That Thursday on the stroke of five he turned up at my office just as before. We went to see an old film, had a meal at the Joker and back to my flat afterwards. His flat, so he told me, was being redecorated by his flatmate and was 'in a bit of a mess'. I noticed other odd things about him; the way prices seemed to mystify him, he had remarked on the inexpensiveness of our meal even though the bill came to well over eighty quid. He was obviously a classy character and had more money than he knew how to look after.

It's not my habit to sleep with a guy on the first date - or second date if I counted that first, strange, meeting in my office. He seemed pretty naive about the topic of safe sex too so I had to supply the condoms and even then he didn't seem to know how to use them! Yet it was obvious he wasn't sexually inexperienced so I was glad that I'd insisted on the precaution.

When I woke up on the Friday morning I thought it had all been a dream. He had left a note, in neat handwriting, telling me that he had an extremely important business appointment but he would be back in a couple of days if I wished to see him again. Judging by the bedclothes strewn across the carpet and the ornaments he had disturbed in his flight from ray flat, he had left rather precipitantly. Even if he didn't show up again, and I suspected it was going to be a one-night stand, the evening had been fun - far better than the last few months since breaking up with Pete and better than those last months with Pete (we'd become complacent and sexually unadventurous).

However, Ritchie Hallam was as good. as his word and two days later, he showed up at my office at five oíclock. We went to a rather more select restaurant in the expensive part of town. That was when my curiosity was aroused again. He always used cash, never credit cards even though the bill was steep. I wondered if all the cash was real - I mean, he always had so much of it so he was either eccentric in not using cards, a traditionalist who liked the feel of cash or a crook with a large stash of bank-notes to get rid of in a hurry.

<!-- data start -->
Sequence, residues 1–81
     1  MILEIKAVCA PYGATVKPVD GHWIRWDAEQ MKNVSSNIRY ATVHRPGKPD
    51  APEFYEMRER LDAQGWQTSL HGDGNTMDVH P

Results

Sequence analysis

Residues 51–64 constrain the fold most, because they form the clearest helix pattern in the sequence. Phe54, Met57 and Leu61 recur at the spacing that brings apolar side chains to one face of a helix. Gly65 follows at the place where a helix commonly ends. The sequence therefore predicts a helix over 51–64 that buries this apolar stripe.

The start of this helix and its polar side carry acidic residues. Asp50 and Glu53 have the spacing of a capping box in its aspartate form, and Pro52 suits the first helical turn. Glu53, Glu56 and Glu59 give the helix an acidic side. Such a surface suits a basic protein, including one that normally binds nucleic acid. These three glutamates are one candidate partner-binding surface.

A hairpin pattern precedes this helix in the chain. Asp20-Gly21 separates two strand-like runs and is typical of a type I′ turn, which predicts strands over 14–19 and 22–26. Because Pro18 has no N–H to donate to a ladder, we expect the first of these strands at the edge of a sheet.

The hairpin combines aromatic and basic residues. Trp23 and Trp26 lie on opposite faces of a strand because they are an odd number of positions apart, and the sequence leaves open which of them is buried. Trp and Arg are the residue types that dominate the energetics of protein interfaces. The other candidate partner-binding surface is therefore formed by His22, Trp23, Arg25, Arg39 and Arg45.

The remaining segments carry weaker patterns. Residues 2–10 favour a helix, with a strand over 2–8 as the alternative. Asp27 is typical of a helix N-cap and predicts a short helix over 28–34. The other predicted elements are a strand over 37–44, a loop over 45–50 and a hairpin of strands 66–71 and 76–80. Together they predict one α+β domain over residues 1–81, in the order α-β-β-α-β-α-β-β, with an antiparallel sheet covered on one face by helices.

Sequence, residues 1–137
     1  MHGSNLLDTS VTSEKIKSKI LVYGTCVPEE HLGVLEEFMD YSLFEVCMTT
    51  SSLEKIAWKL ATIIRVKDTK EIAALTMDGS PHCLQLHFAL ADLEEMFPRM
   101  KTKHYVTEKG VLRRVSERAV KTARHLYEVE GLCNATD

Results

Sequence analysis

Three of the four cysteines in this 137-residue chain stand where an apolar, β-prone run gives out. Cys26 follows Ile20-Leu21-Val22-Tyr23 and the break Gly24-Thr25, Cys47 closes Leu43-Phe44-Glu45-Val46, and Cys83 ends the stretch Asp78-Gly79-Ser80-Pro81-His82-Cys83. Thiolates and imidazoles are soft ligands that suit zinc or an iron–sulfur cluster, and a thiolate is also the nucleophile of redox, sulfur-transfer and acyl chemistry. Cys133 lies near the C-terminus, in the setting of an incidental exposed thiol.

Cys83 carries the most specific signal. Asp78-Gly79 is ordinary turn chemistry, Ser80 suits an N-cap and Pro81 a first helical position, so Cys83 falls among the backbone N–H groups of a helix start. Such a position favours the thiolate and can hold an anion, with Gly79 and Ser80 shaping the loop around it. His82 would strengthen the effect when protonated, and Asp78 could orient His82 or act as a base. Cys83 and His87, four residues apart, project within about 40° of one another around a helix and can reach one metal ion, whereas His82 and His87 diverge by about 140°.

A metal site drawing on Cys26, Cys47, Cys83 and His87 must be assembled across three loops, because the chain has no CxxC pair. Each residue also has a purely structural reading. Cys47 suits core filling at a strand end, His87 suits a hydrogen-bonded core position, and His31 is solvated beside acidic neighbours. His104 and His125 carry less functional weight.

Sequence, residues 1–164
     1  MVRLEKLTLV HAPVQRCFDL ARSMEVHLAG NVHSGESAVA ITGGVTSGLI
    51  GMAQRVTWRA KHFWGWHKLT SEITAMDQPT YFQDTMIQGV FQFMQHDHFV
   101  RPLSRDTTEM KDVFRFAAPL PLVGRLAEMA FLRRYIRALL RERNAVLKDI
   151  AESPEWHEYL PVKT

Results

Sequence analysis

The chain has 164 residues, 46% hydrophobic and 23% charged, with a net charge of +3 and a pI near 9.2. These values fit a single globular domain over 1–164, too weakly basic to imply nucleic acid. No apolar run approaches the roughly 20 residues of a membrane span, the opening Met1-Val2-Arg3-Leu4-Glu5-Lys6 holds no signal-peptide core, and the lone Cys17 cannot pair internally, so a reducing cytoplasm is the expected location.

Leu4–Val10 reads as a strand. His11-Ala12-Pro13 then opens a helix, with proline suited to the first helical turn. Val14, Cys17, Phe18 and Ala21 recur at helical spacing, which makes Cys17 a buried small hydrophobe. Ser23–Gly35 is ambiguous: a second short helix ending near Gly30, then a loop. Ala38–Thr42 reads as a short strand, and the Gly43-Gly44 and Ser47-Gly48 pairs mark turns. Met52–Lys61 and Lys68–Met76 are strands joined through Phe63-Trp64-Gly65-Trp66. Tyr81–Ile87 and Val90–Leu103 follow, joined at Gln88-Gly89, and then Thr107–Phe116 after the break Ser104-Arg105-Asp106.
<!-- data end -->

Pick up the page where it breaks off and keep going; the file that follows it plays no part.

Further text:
During the evening I asked for ten quid for a packet of Marlboro cigarettes and as I put the shiny two pound coins in the slot, the date on one briefly caught my eye. The date on it was 2008 but the year was only 2006. I dismissed it as a trick of the light, having other things on mind than the dates on coins. Besides, 8s and 6s sometimes look similar when you glance at them quickly and no forger would have made such a basic error.

This part of my tale I must compress rather, not having time to go into full detail, but he visited me every two days for about four months. Although I asked him where he worked he only gave me vague answers about there being "no work locally". From this I assumed he was having to go to numerous interviews around the country in his efforts to find employment. I was tempted to look up his Social Security details on the computer, but it would have been a breach of the system. Unless I had a genuine child support query or firm grounds for suspicion of criminal activity I had no valid reason to snoop around in his records. And to be honest, I found the cloak and dagger atmosphere one of the attractive things about him. No doubt that's why women end up involved with the wrong sort of men and I ended up trying to sort out their child support problems while the father is being detained at "His Majesty's Pleasure".